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Every now and then I get to use my college undergraduate degree. This may sound odd as most of us have guided our career choices to complement our educational achievements.
Of course I suppose being a librarian is a career choice which encompasses many fields of study. But I graduated with an undergraduate degree in English Literature… specifically the 18th century Romantic Era. So it thrills me when I actually have an opportunity to use my totally unrealistic choice of a college major; an opportunity that has occurred about two times in the past thirty years. The first time I gave a talk on the Romantic poets to the La Grange Literary Club in 1982. And now, well, this is my second time. (And my father said I needed a career I could fall back on!)
I recently attended a Louisville first showing of “Bright Star” a Jane Campion film based on the tragic love affair between English poet John Keats and Fanny Brawne. It was a delightful movie, the kind of movie that I would have had to chain my husband to his seat in order to get him to attend with me…the kind of movie that would have made him gnaw through his own arm to escape. The movie was all British and costume-y and dreamy and filled with oodles of odes and couplets.
Since I am the library director, the movie inspired me to try to encourage library patrons to delve more into their poetic souls and come to appreciate the expressive language of the five greatest English poets of this era: Wordsworth, Coleridge, Shelley, Byron and Keats. And since I am the library director it means that none of my staff can stop me from putting together a display of poetry books by these self same odists.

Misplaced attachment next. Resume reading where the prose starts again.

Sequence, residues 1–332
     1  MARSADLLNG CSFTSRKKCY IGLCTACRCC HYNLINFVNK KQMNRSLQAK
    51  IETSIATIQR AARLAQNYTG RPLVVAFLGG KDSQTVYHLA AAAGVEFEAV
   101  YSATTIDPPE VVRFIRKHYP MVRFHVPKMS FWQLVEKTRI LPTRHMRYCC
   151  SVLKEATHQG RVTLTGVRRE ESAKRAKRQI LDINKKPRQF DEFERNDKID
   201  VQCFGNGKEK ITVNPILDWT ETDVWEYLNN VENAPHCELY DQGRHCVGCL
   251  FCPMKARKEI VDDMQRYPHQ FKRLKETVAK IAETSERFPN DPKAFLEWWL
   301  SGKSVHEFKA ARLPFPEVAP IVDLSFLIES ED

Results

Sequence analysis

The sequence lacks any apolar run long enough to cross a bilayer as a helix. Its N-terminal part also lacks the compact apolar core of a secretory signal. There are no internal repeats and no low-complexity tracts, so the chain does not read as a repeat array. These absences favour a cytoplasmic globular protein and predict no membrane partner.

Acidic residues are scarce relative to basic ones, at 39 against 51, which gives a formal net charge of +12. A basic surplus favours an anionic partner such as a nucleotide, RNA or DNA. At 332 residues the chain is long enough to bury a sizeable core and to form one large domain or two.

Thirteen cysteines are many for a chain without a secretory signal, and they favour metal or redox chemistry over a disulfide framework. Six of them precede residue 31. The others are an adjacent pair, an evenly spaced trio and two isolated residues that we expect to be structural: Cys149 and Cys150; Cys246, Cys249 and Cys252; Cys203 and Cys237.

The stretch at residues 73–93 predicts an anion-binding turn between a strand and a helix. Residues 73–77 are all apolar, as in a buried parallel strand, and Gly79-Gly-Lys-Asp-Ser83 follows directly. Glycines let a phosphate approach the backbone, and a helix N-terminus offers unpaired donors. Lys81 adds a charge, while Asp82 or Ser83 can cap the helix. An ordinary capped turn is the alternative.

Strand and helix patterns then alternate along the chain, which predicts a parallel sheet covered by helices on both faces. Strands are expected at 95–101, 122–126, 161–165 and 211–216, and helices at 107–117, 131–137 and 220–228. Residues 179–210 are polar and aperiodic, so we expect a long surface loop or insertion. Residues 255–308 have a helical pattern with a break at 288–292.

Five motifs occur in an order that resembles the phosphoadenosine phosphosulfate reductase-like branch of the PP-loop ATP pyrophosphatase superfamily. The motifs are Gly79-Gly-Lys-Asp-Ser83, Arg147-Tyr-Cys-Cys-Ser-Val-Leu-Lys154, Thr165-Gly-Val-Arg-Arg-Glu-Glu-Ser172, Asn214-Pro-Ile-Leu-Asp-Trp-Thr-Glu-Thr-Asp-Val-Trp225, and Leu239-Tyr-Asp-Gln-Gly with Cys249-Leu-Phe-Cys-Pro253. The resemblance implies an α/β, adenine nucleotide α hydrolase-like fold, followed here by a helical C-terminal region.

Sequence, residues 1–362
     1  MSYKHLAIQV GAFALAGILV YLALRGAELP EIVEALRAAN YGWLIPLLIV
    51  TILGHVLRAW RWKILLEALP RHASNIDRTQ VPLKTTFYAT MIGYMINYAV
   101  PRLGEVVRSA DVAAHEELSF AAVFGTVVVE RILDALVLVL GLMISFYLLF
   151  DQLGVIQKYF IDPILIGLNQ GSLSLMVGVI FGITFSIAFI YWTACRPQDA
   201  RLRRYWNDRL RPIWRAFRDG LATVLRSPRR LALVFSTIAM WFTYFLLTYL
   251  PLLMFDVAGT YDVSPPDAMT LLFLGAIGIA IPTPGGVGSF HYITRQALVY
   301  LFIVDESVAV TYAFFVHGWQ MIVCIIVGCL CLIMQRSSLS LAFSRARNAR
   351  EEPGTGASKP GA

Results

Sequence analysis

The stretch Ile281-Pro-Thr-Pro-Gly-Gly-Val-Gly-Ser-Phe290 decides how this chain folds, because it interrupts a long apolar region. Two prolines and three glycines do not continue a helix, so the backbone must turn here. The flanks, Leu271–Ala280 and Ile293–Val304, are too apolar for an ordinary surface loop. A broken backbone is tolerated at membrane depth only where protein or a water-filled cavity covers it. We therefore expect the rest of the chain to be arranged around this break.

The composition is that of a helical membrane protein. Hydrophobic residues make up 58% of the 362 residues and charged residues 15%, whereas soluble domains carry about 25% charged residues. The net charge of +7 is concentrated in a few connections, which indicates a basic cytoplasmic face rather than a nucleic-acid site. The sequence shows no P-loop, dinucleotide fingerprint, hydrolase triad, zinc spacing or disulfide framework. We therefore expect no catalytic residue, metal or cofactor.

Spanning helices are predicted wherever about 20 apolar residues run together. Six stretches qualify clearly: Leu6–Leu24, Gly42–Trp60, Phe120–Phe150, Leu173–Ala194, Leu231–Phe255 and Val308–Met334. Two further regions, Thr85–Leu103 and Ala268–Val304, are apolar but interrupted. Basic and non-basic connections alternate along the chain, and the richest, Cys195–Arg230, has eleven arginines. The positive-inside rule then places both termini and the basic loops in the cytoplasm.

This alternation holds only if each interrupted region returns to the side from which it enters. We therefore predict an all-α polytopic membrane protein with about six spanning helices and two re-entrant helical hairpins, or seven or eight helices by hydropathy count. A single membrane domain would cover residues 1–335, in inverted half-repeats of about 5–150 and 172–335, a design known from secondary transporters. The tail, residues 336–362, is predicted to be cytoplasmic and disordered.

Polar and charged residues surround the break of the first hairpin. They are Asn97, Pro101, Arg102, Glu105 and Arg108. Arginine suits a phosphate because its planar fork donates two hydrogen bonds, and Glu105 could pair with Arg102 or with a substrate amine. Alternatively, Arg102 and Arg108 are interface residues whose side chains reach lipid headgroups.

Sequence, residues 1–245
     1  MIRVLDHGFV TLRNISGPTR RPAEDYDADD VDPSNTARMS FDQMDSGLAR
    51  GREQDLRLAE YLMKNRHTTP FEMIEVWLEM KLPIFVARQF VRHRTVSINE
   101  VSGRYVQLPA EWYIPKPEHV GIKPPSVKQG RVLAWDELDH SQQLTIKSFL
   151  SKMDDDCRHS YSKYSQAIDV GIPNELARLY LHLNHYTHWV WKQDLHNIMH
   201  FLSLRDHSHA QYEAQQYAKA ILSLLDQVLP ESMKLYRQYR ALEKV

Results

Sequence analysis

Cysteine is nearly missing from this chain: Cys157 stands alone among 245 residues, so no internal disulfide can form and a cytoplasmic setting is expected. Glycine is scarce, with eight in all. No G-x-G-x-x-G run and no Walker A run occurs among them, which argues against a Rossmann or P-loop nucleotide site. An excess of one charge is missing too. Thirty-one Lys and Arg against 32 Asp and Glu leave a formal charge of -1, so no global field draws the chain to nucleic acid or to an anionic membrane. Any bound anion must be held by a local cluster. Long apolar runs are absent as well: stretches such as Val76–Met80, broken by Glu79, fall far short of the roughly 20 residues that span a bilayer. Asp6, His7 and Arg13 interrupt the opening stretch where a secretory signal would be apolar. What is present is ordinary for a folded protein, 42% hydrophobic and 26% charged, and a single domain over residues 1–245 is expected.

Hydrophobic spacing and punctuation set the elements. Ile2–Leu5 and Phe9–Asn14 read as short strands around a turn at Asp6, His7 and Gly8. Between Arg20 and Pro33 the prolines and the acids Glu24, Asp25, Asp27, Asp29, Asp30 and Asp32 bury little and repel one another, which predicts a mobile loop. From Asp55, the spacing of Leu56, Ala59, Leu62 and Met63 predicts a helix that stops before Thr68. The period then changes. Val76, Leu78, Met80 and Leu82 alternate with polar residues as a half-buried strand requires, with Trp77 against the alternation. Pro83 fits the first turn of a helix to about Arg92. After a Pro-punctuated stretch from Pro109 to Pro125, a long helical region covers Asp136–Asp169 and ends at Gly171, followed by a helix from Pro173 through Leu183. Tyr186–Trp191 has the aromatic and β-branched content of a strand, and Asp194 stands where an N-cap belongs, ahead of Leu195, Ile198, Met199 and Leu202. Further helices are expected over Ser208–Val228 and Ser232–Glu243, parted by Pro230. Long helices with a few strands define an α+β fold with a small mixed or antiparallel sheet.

But there is method to this madness for the lives of the romantic poets were as wild and shocking as any “bad boys” of today. Had there been paparazzi in Pre-Industrial Britain, these young men and the women with which they were involved, would have been fodder for the publicity mill.
Wordsworth was a nature freak who could be moved to rapture about a field of daffodils; Coleridge, a drug addict who often lost his train of thought in the middle of a literary effort…hence he often wrote in fragments. Shelley was a social activist and a strong supporter of women’s rights (his wife, Mary, wrote the original Frankenstein). Byron was a notorious ladies man, described as “mad, bad and dangerous to know.” He had an affair with his voluptuous half sister among many, many other scandalous associations. And Keats was the true romantic, melodramatic and tragically doomed. It makes for some good reading.
Go ahead, I dare you… come to the Main Library and check our display about these juicy poets. Who knows, you might find your inspiration.
The views expressed in this column are those of the writer.